Fed Announces $600 Billion Main Street Business Lending Program
On Thursday, April 9, 2020, the Federal Reserve announced the creation of the $600 million Main Street Business Lending Program which will complement the Paycheck Protection Program (PPP) and extend loans to businesses too large to meet the eligibility requirements of the PPP.
What is the Main Street Business Lending Program?
Main Street Business Lending Program is designed for companies that are considered too big to qualify for the new Paycheck Protection Program but too small to access capital markets.
Who is eligible?
U.S.-based borrowers with 10,000 or fewer employees OR up to $2.5 billion in 2019 annual revenues (borrowers with more than 10,000 employees are still eligible if they have less than $2.5 billion in revenue). Borrowers must have significant operations and a majority of its employees based in the U.S. This is good news for businesses owned by private equity firms that were ineligible under the terms of the PPP. When applying for a PPP loan, PE-owned businesses had to include the employees of most companies in the PE firm’s portfolio (affiliated companies), often causing them to exceed the PPP’s 500-employee limit. Borrowers that have already applied for a PPP loan may also apply for a Main Street Business Lending Program loan.
How much can be borrowed?
The Main Street Business Lending Program is made up of two facilities, one for new loans and one for expanding existing loans. New loans may be between $1 million and $25 million. The loan amount is limited by the borrower’s existing debt in that the new loan cannot cause the borrower’s total outstanding overall debt to exceed four times their 2019 EBITDA. The expanded loan facility allows eligible borrowers to borrow an additional $1 million to $150 million, subject to a six times their EBITDA limitation. A borrower cannot participate in both the new loan facility and the expanded loan facility. Follow these links to review the Fed’s press releases announcing the Main Street New Loan Facility and the Main Street Expanded Loan Facility.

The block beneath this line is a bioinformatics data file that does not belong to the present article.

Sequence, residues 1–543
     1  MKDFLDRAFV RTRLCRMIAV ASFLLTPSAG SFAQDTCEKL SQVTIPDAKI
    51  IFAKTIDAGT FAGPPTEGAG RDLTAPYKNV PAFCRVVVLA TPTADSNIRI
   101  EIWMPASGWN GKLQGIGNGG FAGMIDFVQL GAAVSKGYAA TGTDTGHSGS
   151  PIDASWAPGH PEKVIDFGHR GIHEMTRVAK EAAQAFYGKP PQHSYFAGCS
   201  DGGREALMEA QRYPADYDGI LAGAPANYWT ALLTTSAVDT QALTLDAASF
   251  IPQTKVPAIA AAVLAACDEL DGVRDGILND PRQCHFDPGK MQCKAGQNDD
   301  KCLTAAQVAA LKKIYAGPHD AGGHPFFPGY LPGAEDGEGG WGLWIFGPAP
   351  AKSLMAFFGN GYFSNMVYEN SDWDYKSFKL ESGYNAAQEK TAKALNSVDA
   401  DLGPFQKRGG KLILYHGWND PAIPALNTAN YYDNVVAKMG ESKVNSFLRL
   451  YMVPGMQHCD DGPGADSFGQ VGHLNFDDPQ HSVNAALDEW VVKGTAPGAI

What are the terms?
The loans mature in four years. The interest rate is adjustable, starting at 0.01% plus 250 to 400 basis points. There is a facility fee of 100 basis points that the lender may require the borrower to pay. Principal and interest are deferred for one year. Funds may not be used to repay or refinance existing loans or lines of credit. There is no prepayment penalty. The borrower must attest that it has been affected by the COVID-19 and will make “reasonable efforts” to maintain its payroll and retain its employees during the term of the loan. Additionally, the borrower must commit to refrain from using proceeds to repay other loan balances, except mandatory principal payments, until the eligible loan is paid in full. Also, there are restrictions on compensation, stock repurchases and capital distributions. The loans under the new loan facility are unsecured. No additional collateral will be required under the expanded loan facility, but any collateral already pledged under original terms will likely secure the expanded loan on a pro rata basis.
Who are the lenders?
All federally insured banks and lending institutions are eligible to lend under this program. The federal government’s special purpose vehicle (SPV) will buy 95% of the loan, leaving the financing institution retaining 5%. The eligible lender will share the risk pro rata with the SPV. We recommend discussing this loan program with your existing lending institution initially
What information will banks need for the application?
The application process and requirements likely will vary. We expect that banks will require much more documentation than the PPP, but, similar to the PPP, will likely include 2019 payroll costs.
When can businesses apply for the loans?
The Federal Reserve has announced the loans should be available in two or three weeks and will be offered through September 30, 2020. Specific information on the application process and timing has not been released.
Are there additional details?
As we learned from the PPP, the devil is in the details and subject to constant clarification, changes and guidance. The initial release about the program raises many questions that we hope will be answered in short order. The Federal Reserve and Treasury have requested input from lenders, borrowers and others until April 16, 2020 before finalizing the program. Borrowers are encouraged to monitor the development of the program details.
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WBL is here to help. We can help businesses understand their eligibility and assist with sources for these loans. Please email or call your WBL contact to discuss your needs or questions.